Molins said Merah went to Afghanistan for the first time about eight years ago to receive military training and was captured by Afghan government police. After being turned over to the U.S. military, Molins said, he was put on a plane back to France. He traveled to Afghanistan a second time several years ago but fell ill and had to return.
Because of the trips, the Interior Ministry’s Central Directorate for Domestic Intelligence had been tracking Merah for several years, Molins said. This was a key element that led police to his Toulouse apartment, the prosecutor added.
The first French soldier who was killed, on March 11 in Toulouse, was shot in the head at close range by someone who had answered his Internet ad to sell a motorcycle. Police computer specialists found that one response to the ad had come from a computer belonging to Merah’s mother, whose name was also in the directorate’s computers.
Another tip came from a dealer of the kind of Yamaha motor scooter that was used in all three attacks. One of the Merah brothers visited the dealership last week to ask for advice on how to remove a tracking device commonly installed on the scooters to trace them if they are stolen.
As soon as the dealer reported the visit, police homed in on the tracking device, which led them to the scooter parked near Merah’s apartment building.
Molins said it remains unclear to what degree Merah was acting as part of a group. Merah’s devoutly Islamic brother, Abdelkader, was taken into custody for questioning, he said, along with his mother and Abdelkader’s girlfriend, but any involvement by them in the shootings is being investigated.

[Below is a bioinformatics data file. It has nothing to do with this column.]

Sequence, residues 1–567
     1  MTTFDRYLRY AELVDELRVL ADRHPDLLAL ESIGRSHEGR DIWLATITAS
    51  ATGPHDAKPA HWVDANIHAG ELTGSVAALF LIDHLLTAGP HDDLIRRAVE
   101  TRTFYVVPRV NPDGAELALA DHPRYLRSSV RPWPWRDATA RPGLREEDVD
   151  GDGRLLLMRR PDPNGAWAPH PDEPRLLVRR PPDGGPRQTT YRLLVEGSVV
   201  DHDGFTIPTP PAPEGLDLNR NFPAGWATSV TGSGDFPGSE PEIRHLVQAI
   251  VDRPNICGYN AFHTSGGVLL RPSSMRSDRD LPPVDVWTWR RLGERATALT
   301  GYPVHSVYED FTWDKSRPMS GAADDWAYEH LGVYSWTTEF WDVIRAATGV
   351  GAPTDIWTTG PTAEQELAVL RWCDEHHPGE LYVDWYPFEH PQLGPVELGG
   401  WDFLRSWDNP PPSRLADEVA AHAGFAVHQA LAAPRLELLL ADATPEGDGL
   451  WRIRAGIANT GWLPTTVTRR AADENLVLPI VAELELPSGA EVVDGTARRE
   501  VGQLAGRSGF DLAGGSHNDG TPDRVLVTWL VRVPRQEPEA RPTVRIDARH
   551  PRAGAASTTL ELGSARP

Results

The hunt for Merah came to a climax as the three schoolchildren and the Hebrew teacher who were killed outside a Toulouse school on Monday were buried in Jerusalem. All four were dual Israeli-French nationals. In a display of France’s concern, Foreign Minister Alain Juppe accompanied the four bodies from France to Israel and attended the services.
A short time later, Sarkozy presided over the ceremony in Montauban honoring the three soldiers. The first, Imad Ibn Ziaten, 30, was killed as he bargained over his motorcycle in Toulouse. The two others, Abel Chennouf, 25, and Mohamed Legouade, 23, were shot at close range four days later in Montauban, 10 miles to the north, as they took money from an automated teller machine. Another was badly wounded, Sarkozy said, and is in a coma.